• David Braley Centre for Antibiotic Discovery gives researchers a fighting chance against antimicrobial resistance

    June 24, 2019
    • News Article
    A forward-looking McMaster donor is investing $7 million in a new research centre dedicated specifically to tackling the growing global threat of antimicrobial resistance. David Braley, whose gifts to the university include a $50-million investment in McMaster teaching, learning and health-care research and delivery, has allocated $7 million from that 2007 gift towards the new David Braley Centre for Antibiotic Discovery.
  • Doors of new institute open at McMaster University

    June 21, 2019
    • News Article
    The offices of an institute dedicated to broadening Canada's research capacity in infectious disease and the response of the human immune system, opened today at McMaster University. The Canadian Institutes of Health Research (CIHR) Institute of Infection and Immunity (CIHR III) is McMaster's first institute sponsored by the federal health research funding agency.
  • Hanna named associate dean, graduate studies for health sciences

    June 20, 2019
    • Appointments / Promotions
    The new vice-dean of the Faculty of Health Sciences and associate dean of graduate studies (health sciences) is Steven Hanna. Hanna is a professor in the Department of Health Research Methods, Evidence, and Impact of the Michael G. DeGroote School of Medicine.
  • Bringing together disaster relief and primary care

    June 14, 2019
    • News Article
    Lynda Redwood-Campbell is a professor with the Department of Family Medicine as well as an active member of the Canadian Red Cross International Emergency Response Unit (ERU) team.
  • Large international study finds diabetes drug cuts cardiovascular and kidney problems

    June 10, 2019
    • News Article
    A clinical trial that followed more than 9,900 people in 24 countries has found that the drug dulaglutide reduced cardiovascular events and kidney problems in middle-aged and older people with Type 2 diabetes.
  • International team tracks future for children with cerebral palsy

    June 7, 2019
    • News Article
    The first question of parents of a child with cerebral palsy is about their child's future physical capabilities. To date, health professionals have had little information to share. Now an international team of researchers, including those at McMaster University, has established a trend line for people with cerebral palsy from age one to 21, describing the developmental paths for their mobility and looking after themselves in day-to-day tasks like dressing.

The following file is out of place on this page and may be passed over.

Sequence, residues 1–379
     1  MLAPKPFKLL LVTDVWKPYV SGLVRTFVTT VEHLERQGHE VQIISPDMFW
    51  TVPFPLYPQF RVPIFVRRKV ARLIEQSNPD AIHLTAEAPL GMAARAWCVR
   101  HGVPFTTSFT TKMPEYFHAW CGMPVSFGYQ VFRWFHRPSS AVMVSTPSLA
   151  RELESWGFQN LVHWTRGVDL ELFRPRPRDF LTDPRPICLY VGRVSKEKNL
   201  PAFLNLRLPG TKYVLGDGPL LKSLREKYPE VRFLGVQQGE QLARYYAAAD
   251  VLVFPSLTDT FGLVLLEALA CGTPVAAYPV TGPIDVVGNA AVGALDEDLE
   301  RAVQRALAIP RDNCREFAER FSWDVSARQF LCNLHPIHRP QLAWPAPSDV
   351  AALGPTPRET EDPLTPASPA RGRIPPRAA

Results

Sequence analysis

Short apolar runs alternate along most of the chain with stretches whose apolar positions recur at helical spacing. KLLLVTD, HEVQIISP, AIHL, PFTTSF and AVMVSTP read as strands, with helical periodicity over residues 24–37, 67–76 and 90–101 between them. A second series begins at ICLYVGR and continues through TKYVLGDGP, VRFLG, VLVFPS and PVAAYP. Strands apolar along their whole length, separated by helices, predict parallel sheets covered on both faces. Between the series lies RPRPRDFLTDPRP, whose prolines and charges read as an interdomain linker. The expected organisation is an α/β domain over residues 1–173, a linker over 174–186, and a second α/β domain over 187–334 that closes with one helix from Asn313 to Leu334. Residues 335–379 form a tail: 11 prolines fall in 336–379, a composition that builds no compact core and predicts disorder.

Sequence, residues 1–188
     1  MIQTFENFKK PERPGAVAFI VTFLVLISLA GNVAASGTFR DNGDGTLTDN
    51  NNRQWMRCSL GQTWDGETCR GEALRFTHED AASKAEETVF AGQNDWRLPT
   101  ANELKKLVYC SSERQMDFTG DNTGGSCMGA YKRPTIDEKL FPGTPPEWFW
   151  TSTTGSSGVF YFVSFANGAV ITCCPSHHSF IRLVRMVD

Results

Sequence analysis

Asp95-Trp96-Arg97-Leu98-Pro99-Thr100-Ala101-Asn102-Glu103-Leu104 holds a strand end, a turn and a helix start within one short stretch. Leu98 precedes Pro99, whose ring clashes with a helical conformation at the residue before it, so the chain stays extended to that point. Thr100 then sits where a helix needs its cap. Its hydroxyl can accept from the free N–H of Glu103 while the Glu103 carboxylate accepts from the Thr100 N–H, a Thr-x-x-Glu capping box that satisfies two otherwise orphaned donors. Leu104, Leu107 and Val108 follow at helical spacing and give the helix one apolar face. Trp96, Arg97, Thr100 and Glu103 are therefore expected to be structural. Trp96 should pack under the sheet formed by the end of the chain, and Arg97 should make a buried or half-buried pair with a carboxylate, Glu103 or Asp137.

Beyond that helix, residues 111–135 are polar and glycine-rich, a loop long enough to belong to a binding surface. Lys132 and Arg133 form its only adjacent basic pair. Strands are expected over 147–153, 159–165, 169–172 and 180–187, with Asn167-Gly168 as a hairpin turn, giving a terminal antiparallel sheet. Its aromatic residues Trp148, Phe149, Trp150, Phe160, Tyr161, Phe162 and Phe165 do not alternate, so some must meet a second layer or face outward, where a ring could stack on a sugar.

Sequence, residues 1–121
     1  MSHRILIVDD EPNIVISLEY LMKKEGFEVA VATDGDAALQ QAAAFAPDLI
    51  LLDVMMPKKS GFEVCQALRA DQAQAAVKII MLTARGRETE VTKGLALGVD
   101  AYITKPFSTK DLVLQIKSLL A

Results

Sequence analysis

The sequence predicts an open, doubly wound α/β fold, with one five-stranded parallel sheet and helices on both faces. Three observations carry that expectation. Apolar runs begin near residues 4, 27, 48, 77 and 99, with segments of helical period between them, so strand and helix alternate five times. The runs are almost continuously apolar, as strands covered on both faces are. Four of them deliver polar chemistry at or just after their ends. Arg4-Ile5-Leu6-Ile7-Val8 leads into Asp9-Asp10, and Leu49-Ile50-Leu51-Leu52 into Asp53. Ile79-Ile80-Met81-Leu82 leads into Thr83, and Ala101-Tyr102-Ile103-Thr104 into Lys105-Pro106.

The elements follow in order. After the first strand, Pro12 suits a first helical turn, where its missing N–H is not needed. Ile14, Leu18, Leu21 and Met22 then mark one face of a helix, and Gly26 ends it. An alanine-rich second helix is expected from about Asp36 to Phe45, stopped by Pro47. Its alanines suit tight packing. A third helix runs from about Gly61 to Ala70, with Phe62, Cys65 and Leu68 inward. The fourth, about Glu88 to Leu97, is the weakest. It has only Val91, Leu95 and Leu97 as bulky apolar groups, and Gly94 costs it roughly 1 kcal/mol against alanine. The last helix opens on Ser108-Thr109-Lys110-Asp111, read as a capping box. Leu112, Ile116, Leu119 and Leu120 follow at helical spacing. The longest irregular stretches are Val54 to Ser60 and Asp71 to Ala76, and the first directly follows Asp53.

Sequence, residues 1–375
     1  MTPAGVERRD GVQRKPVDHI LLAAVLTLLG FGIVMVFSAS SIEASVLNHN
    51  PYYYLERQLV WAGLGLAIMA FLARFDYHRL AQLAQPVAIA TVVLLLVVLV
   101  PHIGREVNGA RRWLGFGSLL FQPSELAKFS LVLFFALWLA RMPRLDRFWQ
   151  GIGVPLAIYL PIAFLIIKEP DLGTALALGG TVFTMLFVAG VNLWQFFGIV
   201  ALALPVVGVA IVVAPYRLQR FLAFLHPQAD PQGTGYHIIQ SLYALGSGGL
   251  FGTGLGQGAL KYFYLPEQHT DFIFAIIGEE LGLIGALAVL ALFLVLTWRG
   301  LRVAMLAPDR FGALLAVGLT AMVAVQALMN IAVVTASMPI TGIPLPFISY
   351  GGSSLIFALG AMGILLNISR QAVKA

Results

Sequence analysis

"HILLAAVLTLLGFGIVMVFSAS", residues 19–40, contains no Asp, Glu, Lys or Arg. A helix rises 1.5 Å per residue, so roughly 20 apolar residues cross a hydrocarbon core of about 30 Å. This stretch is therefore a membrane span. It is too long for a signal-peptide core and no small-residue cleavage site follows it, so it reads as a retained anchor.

• New research centre brings expertise in healthy aging

    June 7, 2019
    • News Article
    Older adults range in age from 65 to 105 and represent widely varying health and social needs, yet this growing cohort is often grouped in one category. Two established research platforms of McMaster University aim to address the diverse needs of Ontario's older adults by supporting and advancing patient and caregiver-partnered research in aging.
  • Chronic pain of veterans addressed with new research centre

    July 29, 2019
    • News Article
    More than four in 10 Canadian veterans face chronic pain, double the proportion of other adults in the country. Now, a new research centre has been established at McMaster University to specifically address the issue. The Centre of Excellence on Chronic Pain will focus on research on chronic pain of veterans, setting standards of care and ensuring that information is shared across the country.
  • Most deaths related to non-cardiac surgery occur after surgery

    July 29, 2019
    • News Article
    It's the recovery period, not the operating room that is risky for patients undergoing non-cardiac surgery, according to a large international study led by McMaster University. Based on patients at 28 health centres in 13 countries, the results show less than one per cent of deaths of these patients occurred in the operating room, but 29 per cent of deaths occurred after discharge from hospital.
  • Younger Canadians more likely to try recreational cannabis

    July 26, 2019
    • News Article
    Nearly 1 in 5 Canadians may try cannabis or increase consumption of the drug after legalization for recreational use, according to research from McMaster University. Those more likely to do so are younger in age, have used cannabis in the past three months, have a higher income, and self-report their mental health as poor or fair.
  • Recent cannabis use may slow memory

    July 19, 2019
    • News Article
    Recent cannabis users may be more likely to experience memory problems or difficulties with cognitive function than those who don’t use the drug, says a study led by McMaster University researcher James MacKillop. The professor of psychiatry holds the Peter Boris Chair in Addictions Research and he is director of the Michael G. DeGroote Centre for Medicinal Cannabis Research.
  • Berg named Boris Family Chair in translational blood stem cell research

    July 11, 2019
    • Appointments / Promotions
    Tobias Berg has been appointed the inaugural Boris Family Chair in Leukemia and Hematopoietic Stem Cell Translational Research for the Faculty of Health Sciences at McMaster University.
  • Partnership created to uncover reasons for frailty in aging populations

    July 11, 2019
    • News Article
    Three national research groups and a leading biotechnology company are teaming together to discover the frailty biomarkers that may shed light on why some people become frail, how to determine the severity of frailty and what can be done to help avoid the condition.
  • McMaster clinical medicine ranked 29th in the world

    July 11, 2019
    • News Article
    The 2019 Global Ranking of Academic Subjects has ranked McMaster’s clinical medicine and civil engineering programs 29th in the world. The clinical medicine is ranked second in Canada, and the civil engineering program is third in the country.